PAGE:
But in the "answers" section on the Polaroid Web site, the company says that shaking photos, which once helped them to dry, is not necessary since the modern version of Polaroid film dries behind a clear plastic window. The image "never touches air, so shaking or waving has no effect," the company said on its site.
I insist just patiently waiting the suggested 15 minutes for the film to fully develop. While shaking your instant photos may be fun, not only is it unnecessary but sometimes even damaging. So save yourself some time and wrist pain by leaving your Polaroid photographs alone.
No, Don't shake the Instax film while it is developing.
In case of Instax film, the result can be little blurred. Some time you might not see on the blank eye. But if you can see, you would notice the yellow color on the edge. Actually the Instax film is designed doing the whole thing automatically.
Should you shake Instax film? Absolutely not! Despite OutKast's advice in his popular song Hey Ya!, you really shouldn't shake your Instax prints as doing so could destroy the chemicals that form the picture.
Polaroid film is very sensitive to bright light during the first few minutes of development. It's important to shield your photo from bright light immediately after it ejects from the camera and keep it in a dark place while it develops.
If the film is developing blank, we recommend that you check to make sure the shutter is functioning properly and the light/five-mode dial is set to proper lighting. If the photo turns out all black, or some photos turn out all black and others turn out just fine, then your camera has a defective shutter.
When shooting at lower temperatures, let your images develop in the inside pocket of your jacket or somewhere else close to your body. We also recommend carrying your camera close to your body in order to keep the film pack and camera at operational temperature.
As a result, we always recommend keeping unused film sealed inside of its unopened box, in a cool and dry environment until you are ready to shoot with it. We recommend storing it flat (i.e. on the side with the largest surface area) inside a fridge at a constant temperature between 4 – 18°C (41 – 65°F).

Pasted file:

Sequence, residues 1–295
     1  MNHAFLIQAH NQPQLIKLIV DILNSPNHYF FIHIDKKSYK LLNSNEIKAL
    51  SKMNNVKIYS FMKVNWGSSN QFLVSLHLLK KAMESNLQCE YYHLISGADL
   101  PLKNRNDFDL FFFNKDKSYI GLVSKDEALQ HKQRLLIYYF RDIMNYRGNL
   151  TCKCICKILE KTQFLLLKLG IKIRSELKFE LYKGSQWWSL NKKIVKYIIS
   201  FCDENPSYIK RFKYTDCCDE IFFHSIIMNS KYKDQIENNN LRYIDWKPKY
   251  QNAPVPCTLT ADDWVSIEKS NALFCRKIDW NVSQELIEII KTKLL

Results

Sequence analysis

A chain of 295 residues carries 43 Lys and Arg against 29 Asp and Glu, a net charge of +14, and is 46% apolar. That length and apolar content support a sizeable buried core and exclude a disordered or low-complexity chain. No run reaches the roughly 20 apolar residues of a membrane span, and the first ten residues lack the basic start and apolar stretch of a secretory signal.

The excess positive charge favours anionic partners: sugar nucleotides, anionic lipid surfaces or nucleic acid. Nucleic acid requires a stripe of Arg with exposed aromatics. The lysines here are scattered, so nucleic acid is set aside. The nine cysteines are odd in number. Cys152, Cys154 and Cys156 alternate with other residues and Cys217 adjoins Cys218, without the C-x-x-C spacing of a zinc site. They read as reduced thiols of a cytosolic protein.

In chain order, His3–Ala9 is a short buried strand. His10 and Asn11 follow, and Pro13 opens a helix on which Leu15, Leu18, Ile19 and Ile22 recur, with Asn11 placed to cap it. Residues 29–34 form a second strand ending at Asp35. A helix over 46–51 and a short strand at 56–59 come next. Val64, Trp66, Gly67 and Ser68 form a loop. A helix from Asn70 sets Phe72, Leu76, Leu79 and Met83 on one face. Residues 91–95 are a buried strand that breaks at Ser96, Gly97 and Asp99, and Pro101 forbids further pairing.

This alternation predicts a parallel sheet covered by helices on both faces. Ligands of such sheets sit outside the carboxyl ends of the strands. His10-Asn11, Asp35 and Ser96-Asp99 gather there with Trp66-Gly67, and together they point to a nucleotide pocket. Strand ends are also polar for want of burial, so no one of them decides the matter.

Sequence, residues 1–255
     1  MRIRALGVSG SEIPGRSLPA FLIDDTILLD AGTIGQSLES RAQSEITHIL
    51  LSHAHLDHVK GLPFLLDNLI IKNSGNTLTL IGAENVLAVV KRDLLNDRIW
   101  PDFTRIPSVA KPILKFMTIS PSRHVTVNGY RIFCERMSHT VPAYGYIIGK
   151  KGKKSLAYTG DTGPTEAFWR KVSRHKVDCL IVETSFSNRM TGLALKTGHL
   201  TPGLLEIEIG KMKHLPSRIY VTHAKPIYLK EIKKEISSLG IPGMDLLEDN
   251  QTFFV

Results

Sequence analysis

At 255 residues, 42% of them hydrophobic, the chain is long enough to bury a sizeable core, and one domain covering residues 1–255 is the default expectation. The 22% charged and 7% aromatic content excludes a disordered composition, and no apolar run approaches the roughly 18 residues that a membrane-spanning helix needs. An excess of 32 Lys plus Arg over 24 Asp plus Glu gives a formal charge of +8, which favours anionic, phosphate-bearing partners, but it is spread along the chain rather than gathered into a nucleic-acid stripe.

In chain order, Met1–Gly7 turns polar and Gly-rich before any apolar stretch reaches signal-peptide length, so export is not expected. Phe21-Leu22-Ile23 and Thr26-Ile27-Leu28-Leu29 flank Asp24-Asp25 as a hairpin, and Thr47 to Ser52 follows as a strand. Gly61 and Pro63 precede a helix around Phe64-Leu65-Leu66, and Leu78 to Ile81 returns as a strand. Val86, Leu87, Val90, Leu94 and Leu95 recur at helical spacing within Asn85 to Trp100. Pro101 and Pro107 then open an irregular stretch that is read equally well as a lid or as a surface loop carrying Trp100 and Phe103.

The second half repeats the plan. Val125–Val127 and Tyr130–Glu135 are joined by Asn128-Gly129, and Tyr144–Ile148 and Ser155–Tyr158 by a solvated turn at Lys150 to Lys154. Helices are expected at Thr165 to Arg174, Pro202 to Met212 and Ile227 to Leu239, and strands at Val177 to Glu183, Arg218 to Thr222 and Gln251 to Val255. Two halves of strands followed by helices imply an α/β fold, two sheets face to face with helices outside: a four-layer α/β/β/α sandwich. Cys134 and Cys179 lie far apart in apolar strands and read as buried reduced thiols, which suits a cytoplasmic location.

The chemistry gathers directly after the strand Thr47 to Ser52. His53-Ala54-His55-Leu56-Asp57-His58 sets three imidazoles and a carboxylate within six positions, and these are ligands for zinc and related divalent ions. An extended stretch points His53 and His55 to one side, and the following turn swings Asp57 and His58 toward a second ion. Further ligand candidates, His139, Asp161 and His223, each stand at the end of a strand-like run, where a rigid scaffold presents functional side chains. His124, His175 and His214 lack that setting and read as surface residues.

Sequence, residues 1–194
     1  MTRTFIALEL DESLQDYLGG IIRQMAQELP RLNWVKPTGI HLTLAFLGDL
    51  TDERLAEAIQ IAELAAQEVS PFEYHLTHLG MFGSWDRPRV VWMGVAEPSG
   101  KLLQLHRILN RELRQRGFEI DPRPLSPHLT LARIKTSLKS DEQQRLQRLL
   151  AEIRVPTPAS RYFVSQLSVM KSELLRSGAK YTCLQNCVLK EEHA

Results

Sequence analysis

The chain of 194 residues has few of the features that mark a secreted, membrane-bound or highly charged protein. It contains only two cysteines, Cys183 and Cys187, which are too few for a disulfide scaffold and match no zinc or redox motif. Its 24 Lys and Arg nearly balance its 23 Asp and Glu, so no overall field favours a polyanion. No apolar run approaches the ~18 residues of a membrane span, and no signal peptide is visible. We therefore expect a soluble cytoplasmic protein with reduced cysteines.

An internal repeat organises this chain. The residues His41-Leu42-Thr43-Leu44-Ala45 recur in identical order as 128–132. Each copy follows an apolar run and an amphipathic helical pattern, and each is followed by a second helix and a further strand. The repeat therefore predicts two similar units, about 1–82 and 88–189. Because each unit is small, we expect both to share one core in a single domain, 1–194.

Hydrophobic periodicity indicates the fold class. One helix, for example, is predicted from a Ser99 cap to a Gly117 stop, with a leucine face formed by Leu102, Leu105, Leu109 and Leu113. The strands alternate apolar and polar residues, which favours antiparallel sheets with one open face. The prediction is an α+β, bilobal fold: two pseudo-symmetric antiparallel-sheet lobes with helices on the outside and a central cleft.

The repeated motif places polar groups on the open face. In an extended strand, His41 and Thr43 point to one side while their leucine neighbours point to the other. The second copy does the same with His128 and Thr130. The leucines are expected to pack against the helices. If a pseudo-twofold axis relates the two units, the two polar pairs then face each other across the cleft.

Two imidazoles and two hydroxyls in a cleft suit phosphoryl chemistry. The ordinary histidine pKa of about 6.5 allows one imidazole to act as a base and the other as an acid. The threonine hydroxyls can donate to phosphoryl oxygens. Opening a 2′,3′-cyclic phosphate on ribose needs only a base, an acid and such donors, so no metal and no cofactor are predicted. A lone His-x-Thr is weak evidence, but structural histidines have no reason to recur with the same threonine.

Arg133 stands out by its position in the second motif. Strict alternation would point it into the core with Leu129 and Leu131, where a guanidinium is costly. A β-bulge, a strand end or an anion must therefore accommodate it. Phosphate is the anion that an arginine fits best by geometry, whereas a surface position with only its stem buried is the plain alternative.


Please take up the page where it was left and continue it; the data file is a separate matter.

Unfortunately, Polaroids can fade or become damaged over time, just like regular printed photos. Luckily, there are some easy ways to slow down their aging process and keep them from fading.
In most cases, photos turn out underexposed because there's insufficient light. Instant cameras thrive in bright and sunny environments. If you're shooting indoors, it's best to use flash. Some models of Polaroid cameras, like SX-70 cameras, don't include a built-in flash, so you need to purchase it separately.
Long Shutter Speed
If you are shooting indoors or in low light without a flash, the shutter will stay open longer to make a more balanced exposure. During the time the image is being taken, if the subject and/or your hands move, this will cause blurry photos. Remember to always use a flash when shooting indoors.
Avoid taking Instax pics in the mirror
Your snaps will turn out dark when you shoot in the mirror. So before you use your Fujifilm Instax Mini 8, remember to avoid taking pics directly in the mirror, window, TV, or any surface that reflects light.
There's nothing as disappointing for an Instax user as waiting for a photo to develop, only to discover that it has turned out completely white. When this happens, it almost always means that the image has been overexposed. Overexposure is caused when the film is exposed to too much light.
THE WRONG SETTING WAS CHOSEN
Bright sunny days will almost always require the Very Sunny setting, just as dark rooms will almost always require Indoors. Accidentally chose Very Sunny inside a dark room and you can bet your bottom dollar that your image will be as black as night.
But most of them look like a faded, blurry memory (even though I just took the pictures), and the film takes quite a while to process (around 10 to 15 minutes).
To shoot without the flash, press the flash button on the back panel once. After taking the photo the flash will be re-enabled. To disable the flash until you power off the camera, double press the flash button.
This is usually caused when the film door on the camera or printer has been opened after film has been loaded into the camera or printer. Instant film is light sensitive, so should only be exposed to light when a picture is taken, not before.
Adjust the exposure switch/dial on your camera more towards white for brighter results.
Polaroid pictures develop best between 55-82 °F (13-28 °C), so if you're planning a long day out in the sun, keep your film out of the heat until you're ready to shoot–we like to use a cooler bag with a few ice packs inside–and keep your shots face-down away from any bright light or warm rays as they develop.
Issue: Yellow or Purple cast on Polaroid films. Polaroid film has traditionally been a victim of color temperature. From the most early days to The Impossible Project to Polaroid Originals, most pictures I've seen have been on the reddish side (low color temperature) rather than the bluish side (high color temperate).
Instant film is good for 2 – 3 years after expiration (or production date for Polaroid) but degrades the quickest of all film produced. Polaroid and Fujifilm Instax both suggest that their films should be used one year after the expiration or production date printed on the box.
Below 13°C (55°F), photos tend to emerge over-exposed, lacking color contrast and with a green tint. When shooting at lower temperatures, let your images develop in the inside pocket of your jacket or somewhere else close to your body.